BC goverment and First Nations to phase out 17 salmon farms in Canada

New farm-free migration corridor to help reduce harm to wild salmon means that at least 17 sites in Broughton Archipelago in British Columbia, Canada, could be gone by 2023.

A government-to-government process has delivered recommendations that will protect and restore wild salmon stocks, allow an orderly transition plan for open-pen finfish for the Broughton Archipelago and create a more sustainable future for local communities and workers, according to the Office of the Premier in British Columbia.

The recommendations come out of a process undertaken by the Province and the ‘Namgis First Nation, the Kwikwasut’inuxw Haxwa’mis First Nations and Mamalilikulla First Nation, following a letter of understanding (LOU) regarding the future of finfish aquaculture in the Broughton. The recommendations have been agreed to by the two fish farm operators in the Broughton: Marine Harvest Canada and Cermaq Canada.

The Broughton Archipelago is a group of remote islands and inlets near the northeast tip of Vancouver Island at the center of debate surrounding fish farms.

“Our governments have come together to help revitalize and protect wild salmon, and provide greater economic certainty for communities and local workers. These are the kinds of gains true reconciliation can deliver,” said Premier John Horgan. “The success of this process shows that when the provincial government and First Nations work together in the spirit of recognition and respect, taking into consideration the concerns of the federal government and industry, we can deliver results in the best interests of all who live and work here.”

“Our Nations, together with many British Columbians, have been raising serious concerns about this industry for decades. We are grateful that governments and industry are finally starting to listen and work with us to find solutions that aim to protect and restore wild salmon and other resources,” said Chief Robert Chamberlin, Elected Chief Councillor of the Kwikwasut’inuxw Haxwa’mis First Nation and First Nations’ Chair of the steering committee. “There is much that still must be done, but these recommendations are a significant positive step in a better direction.”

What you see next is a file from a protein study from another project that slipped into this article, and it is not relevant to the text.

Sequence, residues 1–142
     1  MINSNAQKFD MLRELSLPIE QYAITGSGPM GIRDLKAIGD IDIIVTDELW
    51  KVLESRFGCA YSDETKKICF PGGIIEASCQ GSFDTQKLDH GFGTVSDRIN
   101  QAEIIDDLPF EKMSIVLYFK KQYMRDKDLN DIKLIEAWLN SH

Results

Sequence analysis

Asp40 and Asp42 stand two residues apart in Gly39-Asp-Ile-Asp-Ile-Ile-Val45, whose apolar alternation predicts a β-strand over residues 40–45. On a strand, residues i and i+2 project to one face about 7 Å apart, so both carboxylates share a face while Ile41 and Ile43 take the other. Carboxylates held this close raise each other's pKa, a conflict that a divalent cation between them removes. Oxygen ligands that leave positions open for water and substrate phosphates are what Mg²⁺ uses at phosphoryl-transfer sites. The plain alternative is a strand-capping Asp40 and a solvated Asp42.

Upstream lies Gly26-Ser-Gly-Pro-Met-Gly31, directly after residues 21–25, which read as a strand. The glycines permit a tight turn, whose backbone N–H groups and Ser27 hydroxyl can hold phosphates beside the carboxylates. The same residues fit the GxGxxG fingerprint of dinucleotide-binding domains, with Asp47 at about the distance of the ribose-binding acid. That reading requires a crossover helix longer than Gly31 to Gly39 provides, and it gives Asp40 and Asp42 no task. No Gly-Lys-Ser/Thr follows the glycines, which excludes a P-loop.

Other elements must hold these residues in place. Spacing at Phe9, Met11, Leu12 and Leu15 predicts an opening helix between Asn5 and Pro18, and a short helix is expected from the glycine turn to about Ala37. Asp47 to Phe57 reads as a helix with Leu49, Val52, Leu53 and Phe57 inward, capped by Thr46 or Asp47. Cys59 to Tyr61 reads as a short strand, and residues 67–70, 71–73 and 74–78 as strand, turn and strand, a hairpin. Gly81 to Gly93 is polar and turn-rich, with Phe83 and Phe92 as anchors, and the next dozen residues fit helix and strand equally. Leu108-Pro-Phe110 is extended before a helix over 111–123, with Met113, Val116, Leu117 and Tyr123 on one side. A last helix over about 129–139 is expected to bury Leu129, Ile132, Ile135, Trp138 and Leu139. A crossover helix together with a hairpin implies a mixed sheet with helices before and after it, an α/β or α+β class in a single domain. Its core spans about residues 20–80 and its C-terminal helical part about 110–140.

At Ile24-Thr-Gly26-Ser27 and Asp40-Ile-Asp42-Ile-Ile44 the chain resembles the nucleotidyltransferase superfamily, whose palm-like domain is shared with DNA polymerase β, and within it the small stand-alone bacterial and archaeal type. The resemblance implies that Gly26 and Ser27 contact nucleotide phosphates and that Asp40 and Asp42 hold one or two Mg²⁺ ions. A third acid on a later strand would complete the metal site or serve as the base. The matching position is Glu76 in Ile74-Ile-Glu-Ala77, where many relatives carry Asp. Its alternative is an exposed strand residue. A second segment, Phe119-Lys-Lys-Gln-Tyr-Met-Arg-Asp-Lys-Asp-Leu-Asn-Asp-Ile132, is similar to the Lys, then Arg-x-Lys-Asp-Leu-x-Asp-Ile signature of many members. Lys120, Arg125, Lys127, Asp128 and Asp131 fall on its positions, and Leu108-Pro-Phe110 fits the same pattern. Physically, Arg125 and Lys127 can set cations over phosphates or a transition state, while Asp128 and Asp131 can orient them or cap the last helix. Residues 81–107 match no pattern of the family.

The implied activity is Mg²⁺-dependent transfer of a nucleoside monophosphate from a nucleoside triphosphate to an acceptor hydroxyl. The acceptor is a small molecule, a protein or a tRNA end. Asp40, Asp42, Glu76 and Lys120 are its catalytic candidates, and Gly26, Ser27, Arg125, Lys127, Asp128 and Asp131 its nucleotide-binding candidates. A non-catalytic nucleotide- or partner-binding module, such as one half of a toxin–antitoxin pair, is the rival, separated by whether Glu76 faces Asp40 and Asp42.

• The Province and the three First Nations endorse the recommendations, which:
    create an orderly transition of 17 farms, operated by Marine Harvest Canada and Cermaq Canada, from the Broughton area between 2019 and 2023;
  • Establish a farm-free migration corridor in the Broughton in the short term to help reduce harm to wild salmon;
  • Develop a First Nations-led monitoring and inspection program to oversee those farms during the transition, which will include compliance requirements and corrective measures;
  • Implement new technologies to address environmental risks including sea lice;
    call for immediate action to enhance wild salmon habitat restoration and rehabilitation in the Broughton;
  • Confirm a willingness to work together to put into place the agreements and protocols necessary to implement the recommendations, including continued collaboration with the federal government; and